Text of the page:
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A Charmed Life

A Charmed Life

Well, what can I say? Just about anything, hopefully. I'm simply planning to put any daily thoughts about the world around me on here. You know, that stuff that you feel should be written down and not just forgotten about. How a rat just ran into my kitchen and stole a piece of breadcrumb off the floor when it thought I wasn't looking. How the cat named Poppy then got that dastardly rat as he sloped back out to the garden. BOOOM - straight in the jaws and the rat was wailing like a Banshee. Just desserts? Just life, I suppose.


The Case of The Ethnographic Allegory

Posted by Howard Belvin on July 23 2016, 18:50pm

Categories: #Ethnography, #History, #Culture, #Samoa

Samoan Kava Ceremony
Samoan Kava Ceremony

I'm a big fan of James Clifford since he taught me back in the '90s.

James Clifford is known not for ethnography but for theoretical work on the meanings of ethnographic authority and ethnographic allegory. "The Predicament of Culture" brings together a dozen of his highly influential pieces which, except one, have appeared over the past eight years in anthologies and in art and academic journals. These articles treat a wide range of topics, from a Cape Cod courtroom trial on Native American tribal authenticity, to the Museum of Modem Art's Primitivism in Twentieth-Century Art show, to the related writings of a number of artists and anthropologists. They are united by Clifford's broad vision of anthropology as part of intellectual and political history and by his particular understanding of the "predicament of a postcolonial ethnography." Anthropological writing, Clifford asserts, was characterized by "a set of roles and discursive possibilities that may be called ethnographic liberalism." The certainties of First World power undergirding ethnographic liberalism have been eroded by the rise of Third World independence and by "a drastic expansion of mobility, including tourism, migrant labor, immigration, urban sprawl."

Clifford asserts that we in the West perceive the increasingly internationalized world as homogenizing, degrading as losing markers of authentic cultural difference. He wishes instead "to displace any transcendent regime of authenticity "and to make us aware that all anthropological knowledge is the product of an "unruly dialogical encounter" in which anthropologist and native alike experience change. Notions of the primitive, of authentic cultural meanings, are themselves Western constructs.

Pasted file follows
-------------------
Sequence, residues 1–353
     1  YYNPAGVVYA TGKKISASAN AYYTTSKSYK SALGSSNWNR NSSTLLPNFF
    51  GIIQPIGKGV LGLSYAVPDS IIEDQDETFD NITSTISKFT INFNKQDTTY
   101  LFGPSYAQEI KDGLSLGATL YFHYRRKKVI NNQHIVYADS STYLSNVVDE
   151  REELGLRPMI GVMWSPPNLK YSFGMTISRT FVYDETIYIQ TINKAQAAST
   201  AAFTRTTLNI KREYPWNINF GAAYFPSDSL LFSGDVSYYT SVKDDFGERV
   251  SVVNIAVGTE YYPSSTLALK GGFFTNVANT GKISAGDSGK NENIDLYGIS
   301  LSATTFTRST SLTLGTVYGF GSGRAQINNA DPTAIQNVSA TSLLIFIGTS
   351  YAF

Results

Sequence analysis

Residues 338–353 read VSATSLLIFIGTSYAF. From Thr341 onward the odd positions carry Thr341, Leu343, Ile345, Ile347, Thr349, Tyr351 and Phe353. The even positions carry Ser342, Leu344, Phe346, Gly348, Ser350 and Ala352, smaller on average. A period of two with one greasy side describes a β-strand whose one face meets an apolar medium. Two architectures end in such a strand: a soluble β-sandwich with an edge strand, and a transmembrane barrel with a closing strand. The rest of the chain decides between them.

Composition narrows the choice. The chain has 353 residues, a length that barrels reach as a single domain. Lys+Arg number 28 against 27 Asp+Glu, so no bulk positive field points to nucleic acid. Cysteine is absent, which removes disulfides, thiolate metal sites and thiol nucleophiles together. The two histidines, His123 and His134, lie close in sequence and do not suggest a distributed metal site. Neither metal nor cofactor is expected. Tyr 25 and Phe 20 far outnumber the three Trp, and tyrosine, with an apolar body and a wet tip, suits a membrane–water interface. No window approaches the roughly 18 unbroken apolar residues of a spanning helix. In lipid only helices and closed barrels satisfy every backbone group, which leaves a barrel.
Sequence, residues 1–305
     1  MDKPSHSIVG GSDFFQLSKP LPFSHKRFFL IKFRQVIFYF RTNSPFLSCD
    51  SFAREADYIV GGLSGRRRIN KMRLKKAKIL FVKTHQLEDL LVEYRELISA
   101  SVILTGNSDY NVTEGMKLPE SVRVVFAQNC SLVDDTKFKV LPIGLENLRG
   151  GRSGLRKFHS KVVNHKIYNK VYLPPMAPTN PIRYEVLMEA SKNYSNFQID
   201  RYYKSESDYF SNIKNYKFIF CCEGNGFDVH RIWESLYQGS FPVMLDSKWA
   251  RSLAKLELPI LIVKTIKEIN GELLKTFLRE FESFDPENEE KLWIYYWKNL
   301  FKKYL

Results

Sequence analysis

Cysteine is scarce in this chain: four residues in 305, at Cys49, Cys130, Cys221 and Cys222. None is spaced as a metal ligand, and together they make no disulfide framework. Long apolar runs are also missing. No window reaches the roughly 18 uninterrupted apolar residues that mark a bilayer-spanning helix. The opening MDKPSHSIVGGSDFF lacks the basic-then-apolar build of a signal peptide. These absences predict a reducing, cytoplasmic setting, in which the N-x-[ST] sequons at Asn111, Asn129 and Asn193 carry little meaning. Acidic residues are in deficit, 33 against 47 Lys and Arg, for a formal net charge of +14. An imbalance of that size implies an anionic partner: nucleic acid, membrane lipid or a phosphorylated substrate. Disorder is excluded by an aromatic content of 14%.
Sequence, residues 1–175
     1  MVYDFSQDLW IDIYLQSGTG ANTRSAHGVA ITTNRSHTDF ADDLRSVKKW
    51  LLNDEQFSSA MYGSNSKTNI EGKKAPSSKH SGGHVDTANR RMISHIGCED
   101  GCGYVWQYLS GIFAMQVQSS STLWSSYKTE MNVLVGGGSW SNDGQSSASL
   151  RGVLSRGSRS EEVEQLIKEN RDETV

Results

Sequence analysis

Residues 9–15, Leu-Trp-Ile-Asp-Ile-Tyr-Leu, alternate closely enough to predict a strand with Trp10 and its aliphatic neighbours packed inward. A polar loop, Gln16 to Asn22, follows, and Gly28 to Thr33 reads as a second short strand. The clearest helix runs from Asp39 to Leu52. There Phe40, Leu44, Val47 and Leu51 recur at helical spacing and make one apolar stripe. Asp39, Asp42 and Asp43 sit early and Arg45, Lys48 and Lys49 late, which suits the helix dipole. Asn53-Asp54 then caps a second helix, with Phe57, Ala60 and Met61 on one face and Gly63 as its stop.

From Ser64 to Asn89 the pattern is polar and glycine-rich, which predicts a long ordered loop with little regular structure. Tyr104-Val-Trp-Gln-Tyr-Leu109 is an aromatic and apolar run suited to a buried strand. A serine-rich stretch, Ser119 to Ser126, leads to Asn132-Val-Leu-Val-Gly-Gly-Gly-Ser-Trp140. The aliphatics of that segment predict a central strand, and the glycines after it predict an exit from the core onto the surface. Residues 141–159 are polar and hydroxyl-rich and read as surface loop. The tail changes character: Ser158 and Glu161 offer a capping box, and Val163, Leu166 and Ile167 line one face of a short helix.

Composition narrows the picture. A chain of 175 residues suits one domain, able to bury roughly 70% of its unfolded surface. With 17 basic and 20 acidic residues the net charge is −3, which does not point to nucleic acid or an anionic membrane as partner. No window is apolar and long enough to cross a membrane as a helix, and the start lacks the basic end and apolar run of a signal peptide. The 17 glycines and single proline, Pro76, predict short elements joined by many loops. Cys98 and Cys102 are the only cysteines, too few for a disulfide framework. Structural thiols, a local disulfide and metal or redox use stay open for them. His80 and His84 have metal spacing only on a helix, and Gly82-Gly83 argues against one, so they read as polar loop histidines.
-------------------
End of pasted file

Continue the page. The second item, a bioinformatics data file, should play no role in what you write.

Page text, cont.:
In "Histories of the Tribal and the Modern," Clifford addresses the structuring and implications of MoMA's 1984 Primitivism show. He criticizes the museum's use of African art without any consideration of its context and native meaning; museum-goers are assumed to be interested in so-called primitive art only insofar as it may have inspired the "modernist primitivism" of Picasso and the rest. But others have made this point: It is, as Clifford would say, simply an extension of ethnographic liberalism. Clifford goes further, pointing out that not only the MoMA show but the Natural History Museum's Hall of Pacific Peoples are examples of "the restless desire and power of the modem West to collect the world." But cultural imperialism not only arrogates to the West the power to stockpile the material culture of the rest; in so doing it relegates non-Western peoples to a vanishing past and "airbrushes out" both long histories of Westem contact and the complex, syncretistic present. "No Samoan men at the kava ceremony are wearing wristwatches" in the Pacific peoples photos, though they do in reality. Clifford asks us to imagine museum exhibits that represent the complex, "inauthentic" lives of exotic others. In one of his illustrative photos a New Guinea girl smiles up at us, bedecked with traditional headnet -and a necklace of flash bulbs.

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